Lead author Hayley Gershengorn, MD, assistant professor at Albert Einstein College of Medicine and attending physician at Montefiore Medical Center in New York City pointed out that their findings are particularly relevant as U.S. ICUs increasingly have physicians present at night either in person or via telemedicine. She added: “One of the goals of this movement has been to transform ICUs into truly ‘24 hour operations’ in which the same level of care is available throughout the day. Our results demonstrate more information is needed before we can say it is in our patients’ best interest to make extubation a service we provide all of the time.”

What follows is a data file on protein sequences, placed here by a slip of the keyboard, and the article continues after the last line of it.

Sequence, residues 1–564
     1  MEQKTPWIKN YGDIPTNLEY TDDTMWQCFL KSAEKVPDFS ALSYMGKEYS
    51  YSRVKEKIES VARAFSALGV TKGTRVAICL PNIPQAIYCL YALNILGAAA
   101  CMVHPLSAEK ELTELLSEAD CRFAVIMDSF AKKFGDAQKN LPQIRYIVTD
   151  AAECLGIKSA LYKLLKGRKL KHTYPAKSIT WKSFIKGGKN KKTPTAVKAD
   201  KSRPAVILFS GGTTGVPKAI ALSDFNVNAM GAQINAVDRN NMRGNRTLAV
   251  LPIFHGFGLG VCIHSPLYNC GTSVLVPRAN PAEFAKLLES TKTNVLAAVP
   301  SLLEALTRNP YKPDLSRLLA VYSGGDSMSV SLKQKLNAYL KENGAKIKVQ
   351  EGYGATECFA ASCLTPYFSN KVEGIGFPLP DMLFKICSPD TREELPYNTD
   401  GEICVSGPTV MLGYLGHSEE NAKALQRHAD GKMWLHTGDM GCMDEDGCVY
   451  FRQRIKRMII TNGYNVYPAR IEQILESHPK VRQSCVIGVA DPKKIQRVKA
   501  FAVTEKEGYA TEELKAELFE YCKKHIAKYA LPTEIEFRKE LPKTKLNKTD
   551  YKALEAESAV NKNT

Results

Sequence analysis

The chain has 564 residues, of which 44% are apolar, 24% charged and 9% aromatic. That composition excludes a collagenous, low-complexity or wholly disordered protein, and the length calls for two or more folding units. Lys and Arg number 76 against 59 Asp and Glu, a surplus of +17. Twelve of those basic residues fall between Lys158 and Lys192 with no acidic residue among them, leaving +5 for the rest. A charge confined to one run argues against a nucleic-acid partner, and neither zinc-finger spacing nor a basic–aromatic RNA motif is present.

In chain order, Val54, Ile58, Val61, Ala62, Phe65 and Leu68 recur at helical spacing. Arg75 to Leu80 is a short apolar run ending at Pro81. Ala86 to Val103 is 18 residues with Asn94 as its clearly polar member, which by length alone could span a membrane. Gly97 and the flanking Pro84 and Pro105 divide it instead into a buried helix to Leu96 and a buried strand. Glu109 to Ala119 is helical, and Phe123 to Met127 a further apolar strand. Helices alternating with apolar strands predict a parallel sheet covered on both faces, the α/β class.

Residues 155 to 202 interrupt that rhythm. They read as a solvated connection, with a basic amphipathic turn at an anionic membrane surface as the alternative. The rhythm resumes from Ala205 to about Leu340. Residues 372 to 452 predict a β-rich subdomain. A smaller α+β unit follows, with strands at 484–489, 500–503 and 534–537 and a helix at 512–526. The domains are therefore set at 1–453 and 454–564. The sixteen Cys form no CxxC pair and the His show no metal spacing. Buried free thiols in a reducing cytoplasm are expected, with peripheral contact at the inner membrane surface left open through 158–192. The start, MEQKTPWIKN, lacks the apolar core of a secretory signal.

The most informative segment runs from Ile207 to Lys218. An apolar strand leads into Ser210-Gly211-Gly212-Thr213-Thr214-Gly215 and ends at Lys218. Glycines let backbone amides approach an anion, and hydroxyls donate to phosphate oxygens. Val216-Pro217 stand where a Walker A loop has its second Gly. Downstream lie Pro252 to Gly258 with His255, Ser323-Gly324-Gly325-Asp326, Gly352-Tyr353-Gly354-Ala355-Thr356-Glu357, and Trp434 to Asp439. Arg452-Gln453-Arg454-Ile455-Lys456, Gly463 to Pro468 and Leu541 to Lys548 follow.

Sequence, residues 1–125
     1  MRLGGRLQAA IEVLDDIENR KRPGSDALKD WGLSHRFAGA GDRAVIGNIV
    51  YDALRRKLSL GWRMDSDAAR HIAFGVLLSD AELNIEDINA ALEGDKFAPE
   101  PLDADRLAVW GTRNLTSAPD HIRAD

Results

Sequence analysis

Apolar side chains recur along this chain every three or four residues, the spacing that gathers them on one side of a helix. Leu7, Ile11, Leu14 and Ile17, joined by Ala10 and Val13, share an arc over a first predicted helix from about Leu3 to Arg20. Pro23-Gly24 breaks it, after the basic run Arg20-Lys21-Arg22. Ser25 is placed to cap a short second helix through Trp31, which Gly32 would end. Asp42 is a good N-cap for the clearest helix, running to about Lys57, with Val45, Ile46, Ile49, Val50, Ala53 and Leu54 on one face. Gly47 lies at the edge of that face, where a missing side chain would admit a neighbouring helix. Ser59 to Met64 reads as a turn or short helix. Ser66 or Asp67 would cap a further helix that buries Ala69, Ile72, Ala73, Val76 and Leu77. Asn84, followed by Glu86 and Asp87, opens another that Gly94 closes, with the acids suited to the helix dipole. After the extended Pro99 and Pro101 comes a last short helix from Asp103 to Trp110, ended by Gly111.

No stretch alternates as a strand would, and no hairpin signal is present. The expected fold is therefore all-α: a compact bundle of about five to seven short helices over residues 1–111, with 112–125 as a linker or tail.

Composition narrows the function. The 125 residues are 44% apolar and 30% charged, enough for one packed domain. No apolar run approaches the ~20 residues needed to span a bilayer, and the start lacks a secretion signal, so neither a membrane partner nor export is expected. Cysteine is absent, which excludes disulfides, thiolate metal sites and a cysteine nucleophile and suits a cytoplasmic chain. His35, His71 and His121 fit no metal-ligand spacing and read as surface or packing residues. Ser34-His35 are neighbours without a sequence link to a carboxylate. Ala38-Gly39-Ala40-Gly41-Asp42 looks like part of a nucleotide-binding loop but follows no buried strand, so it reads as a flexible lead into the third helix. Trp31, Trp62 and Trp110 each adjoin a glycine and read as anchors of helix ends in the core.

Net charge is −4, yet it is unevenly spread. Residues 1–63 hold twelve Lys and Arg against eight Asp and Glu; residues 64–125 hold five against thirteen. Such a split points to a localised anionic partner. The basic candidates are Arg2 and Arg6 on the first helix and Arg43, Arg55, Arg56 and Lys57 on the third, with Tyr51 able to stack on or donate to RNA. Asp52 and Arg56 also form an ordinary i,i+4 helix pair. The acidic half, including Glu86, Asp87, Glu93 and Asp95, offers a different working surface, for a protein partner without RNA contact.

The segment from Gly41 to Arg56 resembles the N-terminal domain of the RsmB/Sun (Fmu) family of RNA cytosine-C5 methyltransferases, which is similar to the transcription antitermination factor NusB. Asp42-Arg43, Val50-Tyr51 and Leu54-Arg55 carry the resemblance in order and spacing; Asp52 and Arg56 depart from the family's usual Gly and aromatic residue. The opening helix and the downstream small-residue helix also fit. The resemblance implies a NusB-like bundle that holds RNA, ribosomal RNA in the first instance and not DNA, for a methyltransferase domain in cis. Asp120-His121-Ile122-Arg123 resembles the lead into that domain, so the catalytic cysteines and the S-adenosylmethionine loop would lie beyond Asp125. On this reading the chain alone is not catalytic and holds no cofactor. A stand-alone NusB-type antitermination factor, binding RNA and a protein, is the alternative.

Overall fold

See Also: Having a Nighttime Critical Care Physician in the ICU Doesn't Improve Patient Outcomes
FindingsThe researchers analysed the data of 32,760 patients admitted to 76 ICUs, from the APACHE Outcomes database.
Overnight extubation was defined as occurring between 7.00pm and 06:59am. The researchers found that one fifth of the patients in the study (18.2 percent) were extubated overnight, mainly patients diagnosed with cardiovascular disease, sepsis, trauma or other neurologic disease. Fifty percent had mechanical ventilation for less than 12 hours.
Patients extubated overnight: 18.2%
Mortality rate (overnight extubations): 28.2%
Mortality rate (daytime extubations): 15.9%
Next StepsDr. Gershengorn says that further prospective studies are needed to confirm these findings as well as to find out if there are some subgroups of patients for whom overnight extubation is safe and effective.
Source and image credit: American Thoracic Society